According to multiple reports, Cleveland Browns quarterback Deshaun Watson will be suspended for six games following a lengthy investigation into his alleged off-field behavior. The ruling was handed down by disciplinary officer Sue L. Robinson, who the NFL and NFLPA hired to serve as a jointly appointed neutral arbitrator. Robinson’s report stated that though Watson violated the league’s personal conduct policy, there was not enough evidence to justify an indefinite suspension.
Either side has three days to submit an official appeal in writing. On Sunday, the player’s union released a statement indicating they would “stand by” Robinson’s ruling and urged the NFL to do the same. Earlier this week, it was reported Watson and the league engaged in additional settlement discussions, a process that was common throughout the investigation. Commissioner Roger Goodell and the league indicated they were willing to settle on a 12-game suspension with a heavy fine (reportedly in the $8 million range). Given that Watson’s actual suspension didn’t contain any financial penalties and was roughly half (six games) of what the league hoped for, Goodell may appeal Robinson’s decision.
Prior to the most recently agreed upon Collective Bargaining Agreement (2020), Goodell was allowed to make these decisions unilaterally and hand down suspensions and/or rulings. Goodell handled several high-profile investigations throughout that course and suspended various players at his own discretion. For cases of this nature, the NFL and NFLPA agreed to hire an impartial arbitrator under their new CBA.
It’s clear why the players association has no reported plans to appeal this decision. The Watson ruling went in their favor. Goodell’s decision to appeal or not will set an important precedent going forward. This qualifies as the first major test under the CBA’s new wrinkle and Goodell has an opportunity to flash his maintained power.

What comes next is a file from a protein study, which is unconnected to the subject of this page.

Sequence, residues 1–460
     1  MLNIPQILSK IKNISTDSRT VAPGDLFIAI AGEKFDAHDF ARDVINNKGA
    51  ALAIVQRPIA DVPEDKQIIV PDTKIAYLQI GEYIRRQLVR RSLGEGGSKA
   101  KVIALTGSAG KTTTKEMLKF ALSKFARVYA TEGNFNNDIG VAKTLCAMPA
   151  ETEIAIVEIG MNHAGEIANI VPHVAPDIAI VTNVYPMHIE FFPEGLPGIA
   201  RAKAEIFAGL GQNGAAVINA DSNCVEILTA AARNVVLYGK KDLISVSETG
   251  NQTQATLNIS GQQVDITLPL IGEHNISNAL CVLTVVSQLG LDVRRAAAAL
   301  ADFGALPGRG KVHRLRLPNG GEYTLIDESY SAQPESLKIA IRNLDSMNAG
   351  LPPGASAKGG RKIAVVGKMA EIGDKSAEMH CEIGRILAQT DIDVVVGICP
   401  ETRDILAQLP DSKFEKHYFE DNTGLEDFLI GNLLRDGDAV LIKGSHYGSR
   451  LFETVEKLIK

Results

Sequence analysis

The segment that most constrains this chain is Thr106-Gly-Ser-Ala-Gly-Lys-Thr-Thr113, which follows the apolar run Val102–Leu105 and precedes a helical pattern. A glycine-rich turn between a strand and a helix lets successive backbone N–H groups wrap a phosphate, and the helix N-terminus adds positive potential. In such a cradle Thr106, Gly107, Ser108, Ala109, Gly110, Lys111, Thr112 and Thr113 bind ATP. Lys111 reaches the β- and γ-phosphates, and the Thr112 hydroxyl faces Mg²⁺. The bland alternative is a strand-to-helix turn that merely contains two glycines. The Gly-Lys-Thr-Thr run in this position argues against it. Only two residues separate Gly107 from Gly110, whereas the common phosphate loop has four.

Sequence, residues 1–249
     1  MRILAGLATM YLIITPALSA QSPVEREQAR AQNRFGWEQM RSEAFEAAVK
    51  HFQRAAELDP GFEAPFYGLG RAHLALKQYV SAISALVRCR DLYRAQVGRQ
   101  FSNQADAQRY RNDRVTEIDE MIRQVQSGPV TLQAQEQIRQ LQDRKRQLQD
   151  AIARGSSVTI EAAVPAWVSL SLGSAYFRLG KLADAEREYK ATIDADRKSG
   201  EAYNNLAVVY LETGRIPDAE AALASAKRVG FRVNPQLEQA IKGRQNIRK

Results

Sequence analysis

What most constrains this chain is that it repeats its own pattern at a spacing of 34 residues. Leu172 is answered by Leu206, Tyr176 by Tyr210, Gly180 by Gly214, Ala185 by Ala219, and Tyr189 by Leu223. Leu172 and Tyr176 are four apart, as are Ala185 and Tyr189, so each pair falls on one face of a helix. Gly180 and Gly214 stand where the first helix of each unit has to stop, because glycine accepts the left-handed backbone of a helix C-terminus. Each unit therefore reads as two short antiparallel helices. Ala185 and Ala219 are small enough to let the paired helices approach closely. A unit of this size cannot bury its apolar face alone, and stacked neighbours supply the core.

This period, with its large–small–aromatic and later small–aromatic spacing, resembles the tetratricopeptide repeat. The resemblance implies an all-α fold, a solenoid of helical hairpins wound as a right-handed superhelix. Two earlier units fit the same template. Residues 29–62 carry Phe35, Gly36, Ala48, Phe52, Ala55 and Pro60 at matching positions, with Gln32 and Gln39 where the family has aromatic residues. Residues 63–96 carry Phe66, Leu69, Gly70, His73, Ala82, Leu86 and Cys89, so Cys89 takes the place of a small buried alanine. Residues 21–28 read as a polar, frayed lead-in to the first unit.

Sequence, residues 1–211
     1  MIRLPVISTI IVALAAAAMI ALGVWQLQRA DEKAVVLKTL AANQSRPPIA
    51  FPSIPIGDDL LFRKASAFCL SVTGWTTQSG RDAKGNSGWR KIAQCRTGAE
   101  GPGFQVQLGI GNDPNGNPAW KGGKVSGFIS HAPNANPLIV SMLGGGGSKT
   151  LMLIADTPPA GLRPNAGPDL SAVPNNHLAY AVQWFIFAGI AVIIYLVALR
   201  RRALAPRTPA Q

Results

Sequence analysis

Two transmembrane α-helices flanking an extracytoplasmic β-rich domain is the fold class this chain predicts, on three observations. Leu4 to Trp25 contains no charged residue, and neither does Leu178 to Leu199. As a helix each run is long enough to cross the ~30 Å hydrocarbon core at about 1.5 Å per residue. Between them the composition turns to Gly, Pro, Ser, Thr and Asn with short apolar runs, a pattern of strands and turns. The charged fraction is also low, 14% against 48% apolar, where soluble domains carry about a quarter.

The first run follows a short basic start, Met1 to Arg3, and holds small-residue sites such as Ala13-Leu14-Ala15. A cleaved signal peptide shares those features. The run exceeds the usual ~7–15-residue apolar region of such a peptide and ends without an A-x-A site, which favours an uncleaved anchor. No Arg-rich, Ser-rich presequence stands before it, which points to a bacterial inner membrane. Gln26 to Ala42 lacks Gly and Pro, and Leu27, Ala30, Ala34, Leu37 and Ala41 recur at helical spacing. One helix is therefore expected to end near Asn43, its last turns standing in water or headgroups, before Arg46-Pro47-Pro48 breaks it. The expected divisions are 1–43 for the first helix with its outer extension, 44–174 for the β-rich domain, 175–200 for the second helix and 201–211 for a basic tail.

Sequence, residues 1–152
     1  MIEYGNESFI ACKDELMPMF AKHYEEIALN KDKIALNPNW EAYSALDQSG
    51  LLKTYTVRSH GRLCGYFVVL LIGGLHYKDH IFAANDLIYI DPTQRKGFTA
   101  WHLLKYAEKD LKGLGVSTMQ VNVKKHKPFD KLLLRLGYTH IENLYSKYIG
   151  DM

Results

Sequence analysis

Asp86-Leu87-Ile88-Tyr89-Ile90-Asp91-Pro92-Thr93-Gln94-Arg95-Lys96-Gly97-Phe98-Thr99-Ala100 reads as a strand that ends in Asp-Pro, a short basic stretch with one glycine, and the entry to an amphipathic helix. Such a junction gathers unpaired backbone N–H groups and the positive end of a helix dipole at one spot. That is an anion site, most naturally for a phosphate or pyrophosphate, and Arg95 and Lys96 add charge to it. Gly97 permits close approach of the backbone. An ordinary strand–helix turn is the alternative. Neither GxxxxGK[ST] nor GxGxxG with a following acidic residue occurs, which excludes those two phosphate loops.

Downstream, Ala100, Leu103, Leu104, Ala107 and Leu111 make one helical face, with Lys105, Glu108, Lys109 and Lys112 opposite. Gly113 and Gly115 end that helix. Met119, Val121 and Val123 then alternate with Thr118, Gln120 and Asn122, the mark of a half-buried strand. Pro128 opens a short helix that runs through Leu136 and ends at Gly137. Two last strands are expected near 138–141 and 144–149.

This situation has yet to fully unravel. Should Goodell and the league decide to appeal, they will issue a formal written decision that “will constitute full, final and complete disposition of the dispute,” per terms of Article 46 in the CBA. The players association is understandably hoping Goodell and the league will honor their original agreement to allow a jointly appointed neutral arbitrator to make this decision. Now that Robinson has handed down a ruling that nowhere near met Goodell and his designees’ desired outcome, it will be worth monitoring if the league is willing to accept a ruling they indirectly helped create.
In June, Watson settled 20 of the 24 lawsuits he was facing in relation to sexual assault accusations and inappropriate conduct during massage sessions in civil lawsuits filed by 25 women. On Monday, the same day Watson’s six-game suspension was handed down, he agreed to settle three of the remaining four cases, according to Houston attorney Tony Buzbee, who represents the women suing Watson.
Should the league appeal Robinson’s ruling, Goodell (or a league-appointed designee) would oversee the appeal and attempt to ultimately determine Watson’s outcome. Should the league decide to approach the suspension with a heavier hand (12-plus contests), they maintain the power to do so. Watson’s side would certainly appeal such a decision.
The process received a major update on Monday, but this isn’t necessarily the end. Arbitration doesn’t indicate the situation is open-and-shut. Goodell and the league have every right to appeal and it wouldn’t be shocking if they exercised that right. There will be lawyers, as they say.
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